"In an action by a broker to recover commissions upon a proposed exchange of real property, it is necessary for him to show," says the court in Mutchnick v. Davis, 130 App. Div. 419 (N. Y. 1909), "that the customer produced by him was the owner of the property offered to be exchanged as well as that, after the terms of the exchange had been agreed upon, the client refused to carry them out.21 Where the agreement to sell or exchange real property no longer remains executory but has been consummated by an actual execution of a written contract therefor the rule is different, and in the absence of any stipulation to the contrary the broker's commissions are earned when the contract is signed by the client, and a defect in title under such circumstances becomes unimportant and constitutes no defense to the payment of the commissions.22 The distinction between these two situations is very wide and very apparent. In the absence of any stipulation to the contrary a marketable title to real property is always presumed to be bargained for; 23 and when a broker produces a person who proposes to exchange property with his client, that person must have good title to the property which is proposed to be given in exchange. On the other hand, if the client sees fit to execute a contract and exchange property, whether the other person has a good title or not, the broker has performed his service to the satisfaction of his client and has earned his commission." 24
19 Barber v. Hildebrand, 42 Nebr. 407 (1894).
20 See Sec. 176 supra as to scope of this chapter.
21 Citing Woolley v. Lowensteln, 83 Hun 155 (N. Y. 1894) ; Alt v. Doscher, 102 App. Div. 344 (N. Y. 1905).
22 Citing Kalley v. Baker, 132 N. Y. 1 (1892); Gilder v. Davis, 137 N. Y. 504 (1893).
Where the broker brings about an exchange, the party employing him cannot resist a claim for commission on the ground that the title of the other party to the exchange is defective and that he is therefore unable to perform the contract.25
In Baumann v. Nevins, 52 App. Div. 290 (N. Y. 1900), the court said: "If the defendant employed him to effect the exchange, and he brought parties ready and willing so to do, and a contract was entered into binding upon them, it was an acceptance by the defendant of the purchasers proposed by the plaintiff, and he became entitled to his commission, entirely independent of the fact as to whether the defendant could convey or not. The plaintiff was not an insurer of the defendant's title. If he chose to employ a broker to dispose of property to which he had no title, and the broker brought purchasers who were acceptable to him, and a contract was entered into between them for the purchase, it was entirely immaterial to the broker as to whether his employer had title or not. His work was accomplished, and his commission did not depend upon the fact of the ability of his employer to carry out his contract. The provision in the contract in regard to the time for the completion of the purchase was entirely for his benefit, and his default in conveying the title could not defeat the plaintiff's claim for commissions." Of course the broker must have acted in good faith in such a case.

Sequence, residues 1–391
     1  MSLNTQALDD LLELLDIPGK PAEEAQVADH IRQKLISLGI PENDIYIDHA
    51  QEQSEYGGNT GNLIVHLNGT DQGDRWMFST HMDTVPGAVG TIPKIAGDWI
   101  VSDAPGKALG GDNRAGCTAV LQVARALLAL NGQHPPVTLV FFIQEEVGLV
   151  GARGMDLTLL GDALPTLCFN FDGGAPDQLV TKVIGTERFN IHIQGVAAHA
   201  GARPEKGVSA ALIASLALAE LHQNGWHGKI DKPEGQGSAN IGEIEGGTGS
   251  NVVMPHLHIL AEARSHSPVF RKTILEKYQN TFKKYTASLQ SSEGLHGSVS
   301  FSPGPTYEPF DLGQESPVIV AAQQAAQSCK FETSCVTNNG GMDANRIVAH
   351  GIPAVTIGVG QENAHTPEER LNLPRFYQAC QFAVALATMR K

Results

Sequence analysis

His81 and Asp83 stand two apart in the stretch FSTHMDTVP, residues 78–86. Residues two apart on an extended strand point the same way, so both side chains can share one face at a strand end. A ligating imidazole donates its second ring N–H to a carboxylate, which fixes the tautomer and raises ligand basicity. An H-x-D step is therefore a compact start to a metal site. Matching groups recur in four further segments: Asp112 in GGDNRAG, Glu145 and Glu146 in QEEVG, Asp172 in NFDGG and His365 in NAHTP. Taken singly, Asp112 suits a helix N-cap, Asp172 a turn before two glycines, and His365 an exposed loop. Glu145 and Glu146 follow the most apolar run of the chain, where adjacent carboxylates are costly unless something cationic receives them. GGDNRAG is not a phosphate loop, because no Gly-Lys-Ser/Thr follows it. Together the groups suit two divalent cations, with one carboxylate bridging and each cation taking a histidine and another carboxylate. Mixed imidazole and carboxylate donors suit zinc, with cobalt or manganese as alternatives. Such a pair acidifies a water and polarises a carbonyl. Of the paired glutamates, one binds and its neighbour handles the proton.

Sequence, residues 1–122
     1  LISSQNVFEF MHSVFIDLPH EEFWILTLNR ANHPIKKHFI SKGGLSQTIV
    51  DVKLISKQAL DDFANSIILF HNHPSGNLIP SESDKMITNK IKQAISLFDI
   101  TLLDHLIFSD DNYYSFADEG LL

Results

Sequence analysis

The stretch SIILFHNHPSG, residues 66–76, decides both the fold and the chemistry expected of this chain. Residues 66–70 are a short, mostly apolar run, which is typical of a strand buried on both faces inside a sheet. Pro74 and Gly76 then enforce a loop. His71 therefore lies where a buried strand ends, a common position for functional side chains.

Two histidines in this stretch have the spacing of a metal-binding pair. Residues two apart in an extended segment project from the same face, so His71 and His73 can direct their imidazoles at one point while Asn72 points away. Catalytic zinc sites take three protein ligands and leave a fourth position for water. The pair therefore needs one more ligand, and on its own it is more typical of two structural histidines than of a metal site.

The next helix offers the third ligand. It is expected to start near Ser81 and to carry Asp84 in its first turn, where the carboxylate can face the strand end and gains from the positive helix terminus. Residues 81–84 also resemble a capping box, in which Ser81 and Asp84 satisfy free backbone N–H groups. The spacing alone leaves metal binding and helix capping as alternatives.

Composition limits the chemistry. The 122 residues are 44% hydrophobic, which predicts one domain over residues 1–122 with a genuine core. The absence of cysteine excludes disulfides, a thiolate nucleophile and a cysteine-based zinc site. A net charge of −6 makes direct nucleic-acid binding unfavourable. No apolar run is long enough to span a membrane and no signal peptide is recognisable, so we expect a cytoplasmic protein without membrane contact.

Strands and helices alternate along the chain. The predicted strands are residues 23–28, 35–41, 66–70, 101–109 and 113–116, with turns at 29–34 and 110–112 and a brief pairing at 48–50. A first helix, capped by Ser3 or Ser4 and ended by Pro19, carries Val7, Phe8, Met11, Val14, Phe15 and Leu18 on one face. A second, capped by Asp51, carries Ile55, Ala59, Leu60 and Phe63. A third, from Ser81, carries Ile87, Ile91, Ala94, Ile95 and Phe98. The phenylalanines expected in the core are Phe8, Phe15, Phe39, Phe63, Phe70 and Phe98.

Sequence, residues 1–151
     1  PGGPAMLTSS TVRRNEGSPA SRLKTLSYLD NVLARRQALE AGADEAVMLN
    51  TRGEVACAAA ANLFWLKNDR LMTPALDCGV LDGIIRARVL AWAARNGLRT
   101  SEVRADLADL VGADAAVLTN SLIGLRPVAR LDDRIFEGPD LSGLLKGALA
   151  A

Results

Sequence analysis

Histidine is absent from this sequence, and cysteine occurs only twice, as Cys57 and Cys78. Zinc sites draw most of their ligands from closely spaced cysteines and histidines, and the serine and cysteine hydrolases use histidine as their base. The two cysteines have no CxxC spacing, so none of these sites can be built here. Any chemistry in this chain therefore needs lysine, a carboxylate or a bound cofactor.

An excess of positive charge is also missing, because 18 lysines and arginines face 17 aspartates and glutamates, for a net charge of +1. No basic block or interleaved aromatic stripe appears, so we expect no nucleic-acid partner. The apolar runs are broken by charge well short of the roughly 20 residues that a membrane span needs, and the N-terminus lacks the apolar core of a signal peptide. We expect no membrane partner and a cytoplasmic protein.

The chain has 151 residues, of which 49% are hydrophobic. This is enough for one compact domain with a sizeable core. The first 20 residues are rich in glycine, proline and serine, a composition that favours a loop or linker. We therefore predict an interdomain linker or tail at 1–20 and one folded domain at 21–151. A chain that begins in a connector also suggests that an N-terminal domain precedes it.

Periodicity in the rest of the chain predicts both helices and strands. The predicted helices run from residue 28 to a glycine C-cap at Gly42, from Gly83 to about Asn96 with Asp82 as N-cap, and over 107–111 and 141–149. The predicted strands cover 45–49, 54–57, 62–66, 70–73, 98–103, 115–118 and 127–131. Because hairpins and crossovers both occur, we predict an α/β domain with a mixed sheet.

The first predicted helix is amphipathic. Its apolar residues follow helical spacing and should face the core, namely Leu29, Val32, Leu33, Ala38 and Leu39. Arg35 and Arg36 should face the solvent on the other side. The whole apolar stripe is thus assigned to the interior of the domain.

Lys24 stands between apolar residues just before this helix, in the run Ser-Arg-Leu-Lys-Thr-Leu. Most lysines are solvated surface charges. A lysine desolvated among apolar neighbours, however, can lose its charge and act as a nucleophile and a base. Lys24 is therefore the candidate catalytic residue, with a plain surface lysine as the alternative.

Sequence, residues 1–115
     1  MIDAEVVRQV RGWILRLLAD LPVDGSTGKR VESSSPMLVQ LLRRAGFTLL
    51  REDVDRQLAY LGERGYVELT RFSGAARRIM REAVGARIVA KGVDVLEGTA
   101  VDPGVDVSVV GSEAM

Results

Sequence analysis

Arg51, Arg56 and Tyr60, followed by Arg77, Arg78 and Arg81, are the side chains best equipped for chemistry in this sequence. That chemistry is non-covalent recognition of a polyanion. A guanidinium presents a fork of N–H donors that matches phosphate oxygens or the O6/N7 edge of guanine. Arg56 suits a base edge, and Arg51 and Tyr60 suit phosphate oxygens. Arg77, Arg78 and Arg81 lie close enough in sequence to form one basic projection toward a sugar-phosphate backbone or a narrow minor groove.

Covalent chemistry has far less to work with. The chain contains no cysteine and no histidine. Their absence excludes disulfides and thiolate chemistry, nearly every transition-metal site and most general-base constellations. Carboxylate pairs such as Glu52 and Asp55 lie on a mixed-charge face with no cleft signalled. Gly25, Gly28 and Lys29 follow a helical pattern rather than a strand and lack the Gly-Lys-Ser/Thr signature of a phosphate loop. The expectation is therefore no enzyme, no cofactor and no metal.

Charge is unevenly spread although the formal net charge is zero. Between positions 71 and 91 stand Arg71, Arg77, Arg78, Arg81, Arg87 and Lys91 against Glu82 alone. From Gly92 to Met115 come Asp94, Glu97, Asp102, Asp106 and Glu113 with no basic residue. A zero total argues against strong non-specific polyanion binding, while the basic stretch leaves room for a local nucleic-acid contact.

23 Citing Scudder v. Watt, 98 App. Div. 228 (N. Y. 1904); Burwell v. Jackson, 9 N. Y. 535 (1854).
24 See the authorities under Chap. XVII supra.
25 Kalley v. Baker. 132 N. Y. 1 (1892); Boche v. Smith, 176 Mass. 595; 51 L. R. A. 510 (1900). See also Sec. 168 supra.
It is somewhat difficult to follow the words of this opinion, for in its course the court speaks at one and the same time apparently about the proposed purchasers not having title 26 and then about the defendant not having title, while the facts of the case seem to indicate that the only question was as to the proposed purchaser's title. It may be that the court in speaking about the defendant's position in not being able to convey, intended that as a statement of the law if the facts had been that way, while on the other hand it may mean that as the proposed purchasers were unable to convey their property, therefore the defendant was unable to convey his in exchange.
In a dissenting opinion, Justice Ingraham says: "I do not understand that a broker complies with the terms of his employment until he brings a customer, not only ready and willing, but also able to purchase the property upon the terms proposed; and the production of a person ready to sign a contract, but who was manifestly unable to perform it, does not comply with the conditions of employment under which the broker is entitled to recover his commissions."
Also in Norman v. Reuther, 25 Misc. 161 (N. Y. 1898), it was held (in an exchange), that the broker must show that he had procured a valid contract of exchange, and that it was not sufficient to show that the broker had secured a person who was not the owner of the property, to sign a contract for the exchange.27